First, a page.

Online dating is a billion dollar industry, and one in three Americans met their match through websites or dating apps. But algorithms don’t always work for everyone, even in Silicon Valley.
Michael Ralston is a software designer and a client of Linx Dating, a boutique matchmaking service in Palo Alto. There’s a lot that he likes about online dating — the time to craft thoughtful responses, multitasking while chatting with someone — but he wasn’t having much luck.
So he tried Linx.
When Ralston joined the matchmaking service his wardrobe was the typical Silicon Valley uniform: jeans and T-shirts. Amy Andersen and Michael Norman of Linx dating took him shopping, got him a haircut and figured out what Michael needed to become more dateable. It is full service, top to bottom.
“Dinner reservations and recommendations, sedan booking should they not want to drive for the date,” Andersen lists some of Linx’s many services. “Shopping for some proper hand towels, making sure the refrigerator is stocked with some decent wine.” Andersen takes clients ballroom dancing to work on rhythm and letting go.
Linx counter-intuitively brings “Fiddler on the Roof”-style matchmaking to the most connected Valley in the world, but business is booming. Andersen charges up to $100,000 for tailored matchmaking services.
Andersen hit on the idea for Linx one night during a dinner date. She is a strikingly beautiful and charming Stanford grad, yet her date kept looking over her shoulder.
“So I called him on it,” she says. “I said, ‘What are you doing?’ and he literally said ‘The BBD’. And I said ‘The whatah, whatah, huh?’ and he said ‘the Bigger Better Deal.’”
The “Bigger, Better Deal” is a Silicon Valley anxiety disorder in-which one can’t stop searching for the next hot start-up. Andersen realized that the sheer number of singles online creates a kind of dating BBD.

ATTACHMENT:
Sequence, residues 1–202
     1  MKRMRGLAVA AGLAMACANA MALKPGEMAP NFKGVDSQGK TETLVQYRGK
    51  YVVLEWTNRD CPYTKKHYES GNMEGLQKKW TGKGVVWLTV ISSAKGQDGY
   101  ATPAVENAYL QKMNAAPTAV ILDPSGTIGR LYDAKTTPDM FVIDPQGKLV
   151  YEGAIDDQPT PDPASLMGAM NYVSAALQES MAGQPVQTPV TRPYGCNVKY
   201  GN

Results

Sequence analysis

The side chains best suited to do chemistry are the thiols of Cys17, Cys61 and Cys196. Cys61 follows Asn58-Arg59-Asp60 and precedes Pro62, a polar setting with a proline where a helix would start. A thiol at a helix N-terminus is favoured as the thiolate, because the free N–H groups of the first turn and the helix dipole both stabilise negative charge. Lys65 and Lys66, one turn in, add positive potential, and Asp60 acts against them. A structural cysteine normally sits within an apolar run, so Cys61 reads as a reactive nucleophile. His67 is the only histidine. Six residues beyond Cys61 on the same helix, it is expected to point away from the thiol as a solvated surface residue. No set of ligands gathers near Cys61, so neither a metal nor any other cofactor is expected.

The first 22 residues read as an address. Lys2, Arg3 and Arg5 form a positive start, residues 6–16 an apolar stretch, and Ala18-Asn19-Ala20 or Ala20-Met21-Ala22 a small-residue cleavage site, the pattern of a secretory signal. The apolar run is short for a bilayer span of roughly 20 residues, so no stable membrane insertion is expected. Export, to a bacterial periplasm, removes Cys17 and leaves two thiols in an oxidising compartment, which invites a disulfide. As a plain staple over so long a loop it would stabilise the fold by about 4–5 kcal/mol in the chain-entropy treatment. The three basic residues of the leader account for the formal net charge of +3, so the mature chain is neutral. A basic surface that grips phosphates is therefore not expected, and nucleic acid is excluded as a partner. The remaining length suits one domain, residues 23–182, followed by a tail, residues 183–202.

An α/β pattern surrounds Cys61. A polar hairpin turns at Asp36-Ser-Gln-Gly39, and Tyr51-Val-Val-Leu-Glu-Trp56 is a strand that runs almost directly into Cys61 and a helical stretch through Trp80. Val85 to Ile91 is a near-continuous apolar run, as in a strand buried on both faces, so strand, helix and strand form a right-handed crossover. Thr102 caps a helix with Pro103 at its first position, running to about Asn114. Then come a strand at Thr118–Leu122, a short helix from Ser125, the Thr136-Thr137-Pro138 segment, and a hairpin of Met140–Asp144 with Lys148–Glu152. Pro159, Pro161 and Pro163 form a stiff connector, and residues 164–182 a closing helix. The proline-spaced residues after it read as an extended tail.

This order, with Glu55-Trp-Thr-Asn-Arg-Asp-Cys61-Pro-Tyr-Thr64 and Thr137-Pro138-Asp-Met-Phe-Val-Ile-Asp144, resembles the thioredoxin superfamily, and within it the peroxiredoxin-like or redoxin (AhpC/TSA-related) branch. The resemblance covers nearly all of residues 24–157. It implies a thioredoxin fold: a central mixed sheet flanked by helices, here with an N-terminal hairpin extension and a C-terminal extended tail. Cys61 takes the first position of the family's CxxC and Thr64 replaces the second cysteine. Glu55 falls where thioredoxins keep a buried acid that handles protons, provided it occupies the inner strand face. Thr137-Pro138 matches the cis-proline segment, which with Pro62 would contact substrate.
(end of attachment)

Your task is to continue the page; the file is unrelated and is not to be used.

“The grass is always greener,” Andersen says, “there has to be someone else who’s just a little more interesting, or a little more of a better match.”
A third of Americans agree that online dating’s masses make it hard to pick just one. But if you do win the electronic love lottery, studies show online couples have higher satisfaction and lower divorce rates. So Linx offers a blend—a large enough pool to find deep matches, but not so many that clients get stuck in choice paralysis. Andersen also works with each client individually, zeroing in on their romantic pitfalls.
Her client Michael Ralston is smart, interesting and very sweet, but his weaknesses are confidence and real time communication with women. So Andersen gently hammers away at these challenges.
She runs Ralston through a mock version of the pre-date phone call.
“Ring,” Ralston says, holding his hand like a phone to his ear.
“Hello?,” Andersen replies.
“Hi Amy, this is Michael…. Amy from Linx gave me your number.”
“Oh hi Michael! How was your workday?”
“Um, pretty good. So…” Ralston stumbles, blushing.
“Tell me about it, tell me about your workday,” Andersen says.
Ralston gives up and breaks down laughing.
Andersen drops character and says, “What were you feeling right then when I said, ‘How was your day?’”
“I was like “Oh no!” to be honest,” Ralston says.
They practice the call several times until Ralston is able to go off script and be more spontaneous.
Life lessons, wardrobe make-overs, mock dates. All this costs Ralston over ten grand. But does he think it’s worth the price?
“I’ve always been socially awkward and I think I’m less so now,” he says. “It is expensive. But from one point of view, the answer to that question is—is it going to work?”
High-end matchmakers often say they successfully match up eighty to ninety percent of their clients. But what successful match means is harder to pin down.